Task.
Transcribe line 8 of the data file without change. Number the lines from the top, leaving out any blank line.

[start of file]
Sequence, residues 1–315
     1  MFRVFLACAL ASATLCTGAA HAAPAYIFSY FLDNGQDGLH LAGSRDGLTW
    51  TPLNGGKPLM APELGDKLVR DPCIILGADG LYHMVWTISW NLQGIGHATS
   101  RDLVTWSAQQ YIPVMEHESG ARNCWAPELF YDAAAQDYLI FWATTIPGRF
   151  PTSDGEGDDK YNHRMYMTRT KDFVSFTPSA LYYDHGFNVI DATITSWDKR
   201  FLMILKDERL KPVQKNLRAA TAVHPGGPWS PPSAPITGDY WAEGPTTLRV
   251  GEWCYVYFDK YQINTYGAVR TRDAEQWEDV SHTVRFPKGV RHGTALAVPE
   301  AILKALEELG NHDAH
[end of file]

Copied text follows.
   301  AILKALEELG NHDAH